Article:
I left the desert of Arizona for the water of Florida, lots of water and a softer air. Left behind was the adventure of the border with stalwart ranchers up against drug cartels that are running Mexico and poisoning us.
I settled in the area of Stuart, a coastal town that manages to preserve much of old Florida, distinctive homes and stores that may date back to the early 1900’s and cannot have more than four stories in contrast to the high-rise glitz on the rest of the Atlantic coast. That’s the way its citizens like it, and they’re determined to keep it that way. Continue reading “The President Goes Fishing”
I went to the ophthalmologist Dr. Paul Pare in downtown Stuart, Florida, with a scratched cornea. He prescribed for it, but then his staff wondered if there was something else wrong with me besides my eye – some awkward footsteps, confused speech. Let’s go to the Martin Health hospital across the street for a look, they advised. That we did. A CT scan was taken and impressed the veteran neurosurgeon, Dr. John Afshar, who said we operate tonight. Too much blood on the brain. Continue reading “The Brain Besieged”
In the American western surge, native Indians were in the way. They were killed in battle, moved from place to place, confined in reservations on less desirable land. But one tribe – the Osage – lucked out. The barren soil it was forced to inhabit in Oklahoma had a hidden treasure beneath – oil. For a few exhilarating years in the 1920’s, the Indians lived like white men and then some, arguably the richest people in the country until as luck would have it – or fate – the whites took it all away. Continue reading “The Great Indian Oil Days”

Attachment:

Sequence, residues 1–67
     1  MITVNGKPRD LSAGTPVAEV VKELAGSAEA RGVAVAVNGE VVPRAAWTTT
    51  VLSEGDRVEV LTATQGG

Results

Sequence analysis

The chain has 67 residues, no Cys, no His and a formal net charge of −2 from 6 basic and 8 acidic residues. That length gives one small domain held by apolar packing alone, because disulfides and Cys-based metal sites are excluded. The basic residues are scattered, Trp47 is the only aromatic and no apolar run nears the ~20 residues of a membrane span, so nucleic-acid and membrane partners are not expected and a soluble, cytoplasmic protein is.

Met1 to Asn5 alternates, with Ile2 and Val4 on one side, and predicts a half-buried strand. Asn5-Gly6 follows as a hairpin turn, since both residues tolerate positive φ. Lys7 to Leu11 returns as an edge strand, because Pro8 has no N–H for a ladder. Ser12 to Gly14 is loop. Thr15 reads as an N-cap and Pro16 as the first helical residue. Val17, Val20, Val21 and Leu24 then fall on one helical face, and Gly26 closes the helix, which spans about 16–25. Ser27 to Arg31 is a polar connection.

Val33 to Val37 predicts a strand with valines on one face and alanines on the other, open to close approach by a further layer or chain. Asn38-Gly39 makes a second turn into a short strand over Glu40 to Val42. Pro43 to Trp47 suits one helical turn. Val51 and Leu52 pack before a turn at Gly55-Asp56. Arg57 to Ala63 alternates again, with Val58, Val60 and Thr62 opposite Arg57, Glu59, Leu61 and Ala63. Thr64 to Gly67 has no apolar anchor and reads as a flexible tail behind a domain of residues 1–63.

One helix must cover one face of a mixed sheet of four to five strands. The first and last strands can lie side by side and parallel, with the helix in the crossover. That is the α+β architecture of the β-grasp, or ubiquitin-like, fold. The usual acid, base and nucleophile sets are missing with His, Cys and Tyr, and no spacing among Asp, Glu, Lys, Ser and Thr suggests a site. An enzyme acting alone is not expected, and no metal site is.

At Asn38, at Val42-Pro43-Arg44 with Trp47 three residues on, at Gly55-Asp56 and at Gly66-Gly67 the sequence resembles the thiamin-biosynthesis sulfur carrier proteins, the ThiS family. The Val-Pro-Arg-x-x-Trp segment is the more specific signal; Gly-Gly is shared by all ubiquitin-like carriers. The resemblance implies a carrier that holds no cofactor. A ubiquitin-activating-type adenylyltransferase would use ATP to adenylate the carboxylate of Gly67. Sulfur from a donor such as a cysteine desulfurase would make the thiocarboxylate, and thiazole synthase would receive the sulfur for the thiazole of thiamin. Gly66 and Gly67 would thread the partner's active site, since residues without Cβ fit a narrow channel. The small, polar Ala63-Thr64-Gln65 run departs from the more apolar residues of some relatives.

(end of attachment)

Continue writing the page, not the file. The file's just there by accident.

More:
As dawn approaches, a group of inmates at an Arizona state prison in the town of Florence head for the horses – not to escape on them but to care for them before they are sent on to the Border Patrol. It’s a program of rehabilitation. By handling the horses, it’s reasoned, the prisoners will better handle themselves when it comes time for their release. The prisoners seem to have caught on. Brian Tierce, imprisoned for assault, told Reuters the horses have taught him “patience, perseverance, kindness and understanding.” Continue reading “Wild Horses”
Americans are more unequal than ever. One percent of the population has close to half the nation’s wealth, while ninety-nine percent makes do with the rest. How did this come about? Who is responsible? Why, Karl Marx, claims economist James Petras in a recent article in the Unz Review. Karl Marx! Promoter of revolution, communism and class struggle as “the motor force of history” that will ultimately bring the less fortunate to power! You’ve got to be kidding. Continue reading “Karl Marx Is Back”
Is there anything to learn from an empire that collapsed over 1,500 years ago? Yes indeed, since it’s the Roman Empire that provided a longer period of peace and prosperity for a crucial part of the world than it had ever experienced before or has since. Here is Edward Gibbon in his History of the Decline and Fall of the Roman Empire: Continue reading “Example of Rome”
As troubles pile up at home, President Trump acts more aggressively overseas, as we know from his tweets. That’s a mistake, say two researchers who have traced Trump’s surprise election victory to his anti-war stance that gave him three crucial states won by the Democrats in 2012: Michigan, Wisconsin and Pennsylvania. Continue reading “War Tweets”